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Reacting to Tim Russert’s Death in My Own Three Ways …

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I haven’t been able to stop thinking about Tim Russert’s death since I heard about it and frankly, I still can’t believe it happened. Russert was the moderator of NBC’s Meet the Press, as well as political analyst for the network. He died June 13, 2008 from sudden cardiac arrest while he was at work—he was fifty-eight. For some reason, his death has affected me so greatly. I never met him; I don’t really even like politics. But he definitely touched my life.

As a TV news journalist … I looked up to him and respected him immensely. Even though I don’t care much for politics, I always tuned in to hear whatever he had to say. I think it was because his passion was obvious. You could just see it on his face. That in and of itself made me hang on to every word. Russert was always beyond informed; tough, but always fair. He was one of the few true journalists left in the TV news world and it’s so sad to see another one go.

As a health reporter … I wanted to know more about his health and death right away: did he had heart problems before? Was he on medication? Did they use a defibrillator? Now we have answers to those questions.

Yes, he had coronary artery disease. Yes, he was on medication and he also exercised to control it. And Dr. Michael Newman (Russert’s personal physician) tells CNN’s Larry King that resuscitation attempts began right after he collapsed:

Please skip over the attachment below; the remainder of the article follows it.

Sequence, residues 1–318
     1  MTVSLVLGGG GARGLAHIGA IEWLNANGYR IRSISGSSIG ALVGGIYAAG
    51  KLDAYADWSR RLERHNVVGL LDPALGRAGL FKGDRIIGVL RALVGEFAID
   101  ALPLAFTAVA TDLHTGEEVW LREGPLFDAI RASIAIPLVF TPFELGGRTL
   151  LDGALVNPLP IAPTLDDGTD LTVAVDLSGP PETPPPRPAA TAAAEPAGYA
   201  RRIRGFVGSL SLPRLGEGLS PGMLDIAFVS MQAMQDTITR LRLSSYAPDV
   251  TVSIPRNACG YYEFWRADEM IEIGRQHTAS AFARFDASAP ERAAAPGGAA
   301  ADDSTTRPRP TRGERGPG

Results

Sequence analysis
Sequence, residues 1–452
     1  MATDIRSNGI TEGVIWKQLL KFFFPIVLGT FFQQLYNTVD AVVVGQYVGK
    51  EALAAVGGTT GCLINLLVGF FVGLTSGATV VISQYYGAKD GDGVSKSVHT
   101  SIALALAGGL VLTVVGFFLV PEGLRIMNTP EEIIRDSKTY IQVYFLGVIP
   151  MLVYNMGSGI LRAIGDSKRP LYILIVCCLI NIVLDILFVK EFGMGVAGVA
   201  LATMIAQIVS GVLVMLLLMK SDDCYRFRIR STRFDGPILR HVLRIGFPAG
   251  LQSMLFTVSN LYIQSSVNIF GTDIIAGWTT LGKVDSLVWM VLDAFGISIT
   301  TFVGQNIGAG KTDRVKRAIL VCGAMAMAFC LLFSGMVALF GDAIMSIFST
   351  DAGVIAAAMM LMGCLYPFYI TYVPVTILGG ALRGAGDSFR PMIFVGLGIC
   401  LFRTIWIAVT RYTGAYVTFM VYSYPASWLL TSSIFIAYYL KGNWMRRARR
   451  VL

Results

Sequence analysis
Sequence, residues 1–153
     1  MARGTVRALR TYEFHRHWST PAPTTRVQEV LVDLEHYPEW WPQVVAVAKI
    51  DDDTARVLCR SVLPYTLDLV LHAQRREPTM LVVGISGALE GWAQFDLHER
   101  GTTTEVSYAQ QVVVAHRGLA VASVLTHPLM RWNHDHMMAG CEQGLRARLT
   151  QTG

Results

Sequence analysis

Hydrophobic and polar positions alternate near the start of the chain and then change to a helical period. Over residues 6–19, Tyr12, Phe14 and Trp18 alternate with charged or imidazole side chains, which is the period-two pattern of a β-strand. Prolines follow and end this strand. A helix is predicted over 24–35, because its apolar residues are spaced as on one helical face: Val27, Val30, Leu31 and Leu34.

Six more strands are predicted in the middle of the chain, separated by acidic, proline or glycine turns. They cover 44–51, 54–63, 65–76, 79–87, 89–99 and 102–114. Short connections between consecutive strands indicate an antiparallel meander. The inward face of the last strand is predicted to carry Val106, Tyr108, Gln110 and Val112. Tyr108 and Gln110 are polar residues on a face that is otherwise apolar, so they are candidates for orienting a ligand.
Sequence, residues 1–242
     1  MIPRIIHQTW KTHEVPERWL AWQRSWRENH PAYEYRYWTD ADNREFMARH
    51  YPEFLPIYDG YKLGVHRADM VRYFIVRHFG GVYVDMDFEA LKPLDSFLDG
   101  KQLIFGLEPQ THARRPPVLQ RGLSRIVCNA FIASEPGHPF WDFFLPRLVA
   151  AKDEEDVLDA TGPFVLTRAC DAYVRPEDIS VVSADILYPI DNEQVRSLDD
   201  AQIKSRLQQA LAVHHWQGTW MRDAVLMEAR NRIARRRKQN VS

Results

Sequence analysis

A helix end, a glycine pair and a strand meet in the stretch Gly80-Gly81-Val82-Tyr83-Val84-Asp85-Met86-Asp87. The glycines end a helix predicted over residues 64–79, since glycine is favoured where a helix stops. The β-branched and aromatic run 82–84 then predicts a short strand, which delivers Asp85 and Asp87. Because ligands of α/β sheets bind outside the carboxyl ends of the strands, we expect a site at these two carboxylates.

“NBC had a defibrillator. A resuscitation was begun almost immediately. NBC had an EAD [external automated defibrillator] on site, and they were preparing to use it. At the same moment, the DC EMS, emergency medical squad, arrived, and they immediately defibrillated Tim. He had no heart rhythm. They defibrillated him. His heart was beating then in a ventricular—fine ventricular fib, and then it deteriorated. They shocked him again. Actually, he was defibrillated three times before his arrival at Sibley Memorial Hospital.”

According to the American Heart Association, 310,000 people die every year of coronary heart disease—most of them from sudden cardiac arrest. And from what I’ve been reading in the last few days, many people now want to know their risk of heart disease and sudden cardiac arrest. You can find out much more at the American Heart Association’s website.

Russert wasn’t the picture of health—he carried weight around his belly, a known risk factor for heart disease, but he was doing something about it. Maybe his death will make more people do more to reduce that dangerous abdominal fat.

As someone who has experienced loss … I know the “what ifs” can make you crazy and that there can be so many of them. It’s hard to accept that it was just his time to go, but what other choice do we have? My heart goes out to his family. Goodbye, Tim Russert—you will be sorely missed.

Photo Credit: Molly Skipper/Reuters

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